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BDC Common Stocks Market Recap: Week Ended May 3, 2019

Posted on May 3, 2019


On May 1st, the BDC sector – as measured by BDCS – dropped to $19.54. That was sharply off the $19.87 at the end of the prior week on Friday April 26, 2019.

On our Twitter feed, we noted the drop at the time and had no explanation for the mid-week slump. Maybe the market was reacting to the Fed, which had not decreased rates, as some had expected.

Yet, BDCS went on to move up in the next two days and closed the week at $19.93. That was a 0.76% increase on the week.

The Wells Fargo BDC Index went up even more: 1.34%.

Is Two A Trend ?

That’s two weeks in a row that the sector moved higher.

A plurality of BDC common stocks moved up in price on the week: 30 of the 45 we track.

Little Individuality

However, this was not an exciting time for individual stock price changes.

Only one BDC moved 3.0% or more higher.

That was Newtek Financial (NEWT), which increased 5.8%.

Investors appear to have been reassured by decent IQ 2019 results, and apparent prospects for more of same.

As recently as late March, NEWT had dropped in price to $18.50 as momentum investors bailed.

Now, investors are back and the BDC hit a new 52 week high of $24.24.

For what it’s worth, no BDC dropped (3%) or more in the week.

Pretty Much The Same

The rest of the metrics were mostly little changed from the week before.

Again, no BDC traded within 5% of their 52 week low and 17 (versus 16) within 5% of the high.

As before, 17 BDCs are at a price above book value.

In terms of the famous 50 Day and 200 Day Moving Average: in each case the number has increased by one.

That’s now 36 and 31 respectively.

Hanging In There But Falling Behind

So the BDC rally lives on after 18 weeks.

On a price basis, though, BDCS still remains below its 2019 record of $20.23, and below the 1 year high of $21.03.

Yet, over that same period, the major indices have kept moving up, leaving BDCS far behind.

For example, the Dow Jones Index is 7.1% ahead of BDCS in that period.

Price Isn’t Everything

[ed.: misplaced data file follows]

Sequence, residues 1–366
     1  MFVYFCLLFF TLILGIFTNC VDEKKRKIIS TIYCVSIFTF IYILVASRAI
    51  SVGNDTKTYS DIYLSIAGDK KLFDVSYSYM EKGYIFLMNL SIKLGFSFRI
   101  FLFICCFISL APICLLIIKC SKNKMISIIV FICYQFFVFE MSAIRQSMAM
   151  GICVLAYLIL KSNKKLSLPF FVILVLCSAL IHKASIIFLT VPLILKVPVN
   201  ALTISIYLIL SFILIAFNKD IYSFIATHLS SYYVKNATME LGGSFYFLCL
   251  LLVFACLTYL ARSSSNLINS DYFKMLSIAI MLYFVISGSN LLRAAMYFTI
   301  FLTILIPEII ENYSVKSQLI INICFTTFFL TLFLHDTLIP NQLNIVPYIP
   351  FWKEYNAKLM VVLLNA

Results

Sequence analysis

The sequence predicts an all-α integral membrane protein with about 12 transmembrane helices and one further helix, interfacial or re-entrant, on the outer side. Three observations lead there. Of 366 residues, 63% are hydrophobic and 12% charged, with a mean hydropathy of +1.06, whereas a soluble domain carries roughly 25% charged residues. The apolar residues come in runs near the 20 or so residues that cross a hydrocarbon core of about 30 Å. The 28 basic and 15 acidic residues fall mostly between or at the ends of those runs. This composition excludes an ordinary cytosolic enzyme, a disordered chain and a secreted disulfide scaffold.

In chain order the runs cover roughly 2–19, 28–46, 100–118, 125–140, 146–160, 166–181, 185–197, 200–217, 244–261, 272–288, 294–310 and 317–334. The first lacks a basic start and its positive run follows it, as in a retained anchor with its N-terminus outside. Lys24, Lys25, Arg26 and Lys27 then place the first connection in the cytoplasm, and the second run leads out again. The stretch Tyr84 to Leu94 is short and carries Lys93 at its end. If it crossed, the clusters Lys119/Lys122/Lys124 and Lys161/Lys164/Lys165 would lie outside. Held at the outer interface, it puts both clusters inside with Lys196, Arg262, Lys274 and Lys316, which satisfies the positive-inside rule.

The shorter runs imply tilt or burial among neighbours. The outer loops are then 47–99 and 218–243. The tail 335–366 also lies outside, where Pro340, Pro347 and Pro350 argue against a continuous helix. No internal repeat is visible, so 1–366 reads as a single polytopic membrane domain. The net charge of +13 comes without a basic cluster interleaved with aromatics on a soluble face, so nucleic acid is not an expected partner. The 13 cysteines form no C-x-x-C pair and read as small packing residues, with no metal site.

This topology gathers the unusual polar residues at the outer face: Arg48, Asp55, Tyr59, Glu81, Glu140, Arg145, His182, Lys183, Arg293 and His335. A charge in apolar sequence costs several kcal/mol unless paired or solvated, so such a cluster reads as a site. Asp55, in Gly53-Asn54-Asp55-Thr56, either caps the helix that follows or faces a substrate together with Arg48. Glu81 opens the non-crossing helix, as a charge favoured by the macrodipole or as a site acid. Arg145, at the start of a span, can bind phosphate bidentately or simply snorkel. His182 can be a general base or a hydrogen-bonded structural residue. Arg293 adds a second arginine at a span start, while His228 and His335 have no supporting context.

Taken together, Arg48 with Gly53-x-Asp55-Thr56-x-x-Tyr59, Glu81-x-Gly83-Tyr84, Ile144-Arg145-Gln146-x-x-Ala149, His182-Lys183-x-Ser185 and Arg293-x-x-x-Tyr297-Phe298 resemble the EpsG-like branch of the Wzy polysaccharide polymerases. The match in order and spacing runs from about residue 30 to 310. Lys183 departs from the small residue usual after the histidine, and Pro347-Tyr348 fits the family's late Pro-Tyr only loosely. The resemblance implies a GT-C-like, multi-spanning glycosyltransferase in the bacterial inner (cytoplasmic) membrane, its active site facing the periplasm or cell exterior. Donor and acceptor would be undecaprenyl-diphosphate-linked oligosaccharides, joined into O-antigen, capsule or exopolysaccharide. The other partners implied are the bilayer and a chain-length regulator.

Thankfully, if one considers Total Return, the BDC sector is doing better.

Using the Wells Fargo BDC Index – which includes both distributions and price movement – this was a record week.

On Friday, the index was at 2,717.87.

That’s the highest point all year and in the history of an index that dates back to 2011.

Since February 22, 2019 – when BDCS hit its 2019 peak – the WF Index is up 1.36%.

Admittedly, not as good an increase as the major indices, but better than the slight drop registered by BDCS.

That’s the beauty of BDC investing: even when stock prices go nowhere those dividends of approximately 10% per annum keep ticking.

Baseball Analogies Abound

There seems to be a great consensus among pundits, investors and the BDC managers themselves that the economy and leveraged lending is in the very late innings of this cycle.

Again on Conference Calls in this first week of earnings season we heard some BDC executives calling out unnamed competitors for loose lending standards and inappropriate pricing.

More than one BDC manager has waxed enthusiastic about the coming opportunity to pick up loan assets on the cheap – like in 2009 – following the coming conflagration.

Looking at the actual credit results – as we’ve done for most of the BDC names that have reported so far – reveals some slippage in quality, as more investments slip into the under-performing category.

That has been occurring even as asset values should have been generally higher thanks to better overall loan values in March versus December 2018.

Party On

Yet, the signs of decay are too modest and too unclear to dissuade investors from hanging in there a while longer.

As our weekly recaps show – especially the data about where BDCs are trading versus their 52 week lows and highs and versus book value – investors remain optimistic, but in no way giddy.

We still don’t see – especially after a very modest dividend increase from Hercules Capital (HTGC) and NEWT and none at all from Ares Capital (ARCC), Fidus Investment (FDUS), Gladstone Capital (GLAD) etc – any internal market catalyst for a Great Leap Forward where prices are concerned.

On the other hand – as the last few weeks have shown both in the BDC market and across the non investment credit space – sentiment remains constructive on higher yield lending.

For the moment, we expect this low grade upward movement in Total Return, driven principally by grinding out distributions to continue until general sentiment changes.

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